Cooper’s Moon, by Richard Conrath. Gulf Shore Press. 400 pages. Trade Paperback $14.99.
This gripping debut novel is the first in a projected Cooper series. Timely issues, elaborately painted South Florida settings, a strong protagonist, and haunting horrors will keep readers engaged and on edge.
Cooper is a driven man. Seven years before the story’s point of attack, Cooper and his wife Jillie suffered a marriage-destroying tragedy. Their young son Maxie was inexplicably gone from their lives, probably kidnapped from the neighborhood of their rural Ohio home. Their local searches go nowhere. The marriage collapses under the weight of mutual recriminations.
Seeking a fresh angle on finding his son, Cooper leaves his college teaching job and moves to Miami, where he has connections. He becomes a homicide detective in the Miami Police Department, and he lives in a community called Oceanside.
Readers meet him seven years into his second career, working a case involving the shooting of a twelve- year-old boy. Soon after, he gets involved in a case about a teenage girl, Tamara Thompson, whose corpse was found in a cemetery. It’s easy for Cooper to be sympathetic with Tamara’s parents.
Cooper’s lack of progress on the hunt for his son’s fate and his frustration with police bureaucracy leads him to leave the police department and become a private investigator. He manages to hold onto some of his police friends, including his former partner Detective Tony DeFelice, but they never let him forget that he “copped out” on them.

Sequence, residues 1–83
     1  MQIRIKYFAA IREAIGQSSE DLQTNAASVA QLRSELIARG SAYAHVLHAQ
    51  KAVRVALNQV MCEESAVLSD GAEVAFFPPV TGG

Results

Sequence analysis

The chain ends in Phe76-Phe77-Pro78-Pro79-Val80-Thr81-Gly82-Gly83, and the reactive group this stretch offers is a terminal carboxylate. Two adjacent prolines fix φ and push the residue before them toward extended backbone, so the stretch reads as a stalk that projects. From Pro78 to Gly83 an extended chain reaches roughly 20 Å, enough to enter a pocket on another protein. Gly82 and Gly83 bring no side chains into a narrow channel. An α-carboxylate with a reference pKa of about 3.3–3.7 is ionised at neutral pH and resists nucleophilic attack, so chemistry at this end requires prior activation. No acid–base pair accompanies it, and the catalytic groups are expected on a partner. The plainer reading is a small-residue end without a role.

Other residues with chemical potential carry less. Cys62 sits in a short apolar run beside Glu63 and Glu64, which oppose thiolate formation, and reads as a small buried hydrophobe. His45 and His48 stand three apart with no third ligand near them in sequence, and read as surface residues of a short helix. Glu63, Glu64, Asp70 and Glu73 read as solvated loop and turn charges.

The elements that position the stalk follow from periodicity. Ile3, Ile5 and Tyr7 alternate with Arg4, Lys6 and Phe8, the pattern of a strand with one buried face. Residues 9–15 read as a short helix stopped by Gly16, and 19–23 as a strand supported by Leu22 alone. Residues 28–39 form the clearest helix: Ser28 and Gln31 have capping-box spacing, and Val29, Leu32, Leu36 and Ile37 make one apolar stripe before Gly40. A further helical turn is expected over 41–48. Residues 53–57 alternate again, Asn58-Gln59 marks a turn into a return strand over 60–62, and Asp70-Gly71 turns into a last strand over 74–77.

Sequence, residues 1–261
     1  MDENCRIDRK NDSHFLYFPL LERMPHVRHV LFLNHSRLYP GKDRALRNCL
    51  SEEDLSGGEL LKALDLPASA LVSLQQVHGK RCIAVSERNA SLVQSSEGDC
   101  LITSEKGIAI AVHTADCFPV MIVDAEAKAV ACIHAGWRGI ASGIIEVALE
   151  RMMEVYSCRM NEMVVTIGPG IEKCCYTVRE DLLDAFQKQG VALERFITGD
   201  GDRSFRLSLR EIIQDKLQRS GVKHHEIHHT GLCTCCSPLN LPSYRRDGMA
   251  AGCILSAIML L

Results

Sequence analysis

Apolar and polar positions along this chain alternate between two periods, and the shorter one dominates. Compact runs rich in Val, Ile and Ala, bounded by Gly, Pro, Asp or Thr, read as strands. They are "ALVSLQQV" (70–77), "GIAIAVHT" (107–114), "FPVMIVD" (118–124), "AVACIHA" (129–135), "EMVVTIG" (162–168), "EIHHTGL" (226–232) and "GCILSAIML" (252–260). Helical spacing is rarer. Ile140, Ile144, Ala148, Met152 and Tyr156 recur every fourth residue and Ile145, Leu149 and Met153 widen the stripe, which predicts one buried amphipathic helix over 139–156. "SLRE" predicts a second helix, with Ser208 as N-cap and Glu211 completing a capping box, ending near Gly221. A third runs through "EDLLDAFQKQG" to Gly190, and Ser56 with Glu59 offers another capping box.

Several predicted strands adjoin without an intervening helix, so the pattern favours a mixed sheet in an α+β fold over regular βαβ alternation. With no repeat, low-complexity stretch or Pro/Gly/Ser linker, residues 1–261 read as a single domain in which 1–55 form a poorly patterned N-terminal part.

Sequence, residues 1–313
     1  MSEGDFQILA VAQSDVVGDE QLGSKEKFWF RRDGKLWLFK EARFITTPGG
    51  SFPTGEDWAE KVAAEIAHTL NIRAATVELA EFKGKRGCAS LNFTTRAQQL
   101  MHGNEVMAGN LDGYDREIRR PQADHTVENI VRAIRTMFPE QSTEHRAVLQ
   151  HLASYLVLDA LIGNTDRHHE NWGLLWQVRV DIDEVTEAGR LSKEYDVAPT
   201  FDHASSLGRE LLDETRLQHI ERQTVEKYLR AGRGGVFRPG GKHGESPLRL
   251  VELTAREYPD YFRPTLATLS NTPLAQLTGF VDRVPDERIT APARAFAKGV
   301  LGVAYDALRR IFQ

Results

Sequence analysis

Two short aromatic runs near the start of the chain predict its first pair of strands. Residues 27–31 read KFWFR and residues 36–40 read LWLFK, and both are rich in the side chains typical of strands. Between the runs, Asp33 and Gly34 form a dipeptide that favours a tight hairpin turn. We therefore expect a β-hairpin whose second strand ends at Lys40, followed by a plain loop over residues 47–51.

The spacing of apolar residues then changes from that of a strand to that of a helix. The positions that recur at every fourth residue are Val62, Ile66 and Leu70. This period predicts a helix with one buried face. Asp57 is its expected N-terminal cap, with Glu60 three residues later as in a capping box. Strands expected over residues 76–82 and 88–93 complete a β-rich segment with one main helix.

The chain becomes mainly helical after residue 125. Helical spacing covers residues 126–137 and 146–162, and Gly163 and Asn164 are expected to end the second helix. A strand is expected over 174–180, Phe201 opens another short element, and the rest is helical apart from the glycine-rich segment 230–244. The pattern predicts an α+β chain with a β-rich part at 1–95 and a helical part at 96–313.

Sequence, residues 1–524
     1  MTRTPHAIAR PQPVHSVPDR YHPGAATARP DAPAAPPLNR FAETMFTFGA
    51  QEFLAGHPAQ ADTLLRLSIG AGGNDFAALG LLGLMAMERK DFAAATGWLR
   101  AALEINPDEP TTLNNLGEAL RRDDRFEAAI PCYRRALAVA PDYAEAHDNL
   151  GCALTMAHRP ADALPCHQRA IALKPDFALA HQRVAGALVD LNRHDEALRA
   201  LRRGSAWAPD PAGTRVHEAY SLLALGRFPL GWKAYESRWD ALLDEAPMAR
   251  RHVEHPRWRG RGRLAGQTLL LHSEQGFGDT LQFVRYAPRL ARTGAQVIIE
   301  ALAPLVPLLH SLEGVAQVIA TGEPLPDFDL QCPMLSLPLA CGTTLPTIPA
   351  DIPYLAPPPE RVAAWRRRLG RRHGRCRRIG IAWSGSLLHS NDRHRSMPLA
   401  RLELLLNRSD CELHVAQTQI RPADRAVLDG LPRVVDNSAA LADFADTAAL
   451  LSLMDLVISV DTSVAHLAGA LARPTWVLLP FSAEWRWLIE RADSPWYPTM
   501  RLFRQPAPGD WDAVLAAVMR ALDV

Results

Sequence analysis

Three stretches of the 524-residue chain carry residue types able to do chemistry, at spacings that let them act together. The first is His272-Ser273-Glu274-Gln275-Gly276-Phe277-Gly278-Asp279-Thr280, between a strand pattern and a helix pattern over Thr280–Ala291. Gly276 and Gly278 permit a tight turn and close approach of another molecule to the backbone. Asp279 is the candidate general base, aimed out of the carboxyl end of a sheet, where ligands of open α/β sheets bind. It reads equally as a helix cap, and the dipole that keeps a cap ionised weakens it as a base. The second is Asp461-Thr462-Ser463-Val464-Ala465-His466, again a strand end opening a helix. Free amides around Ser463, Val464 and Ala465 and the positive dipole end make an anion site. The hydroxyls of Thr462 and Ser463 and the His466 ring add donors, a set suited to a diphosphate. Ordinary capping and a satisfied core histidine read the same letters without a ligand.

Soon enough, Cooper learns that there are several unsolved child murders in or near his Oceanside community. And other children are missing. Even though leads are scarce, the road to information leads to a seminary whose candidates for priesthood are also trying to save area youths from lives of crime or from other kinds of danger. Cooper’s first case as a PI leads him there. Cooper finds the leaders to be either closed-mouthed or speaking with false, forced sincerity.
Mr. Conrath has taken us into the hideous world of human trafficking. These innocent kids are for sale via an international marketplace where their abductors compete for goods for which there is an insatiable demand. Is the seminary a cover operation? Who’s ultimately pulling the strings?
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To read the full review, as it appears in the April 11, 2018 Fort Myers Florida Weekly and the April 12 Naples, Bonita Springs, Charlotte County, and Palm Beach editions, click here: Florida Weekly – Cooper’s Moon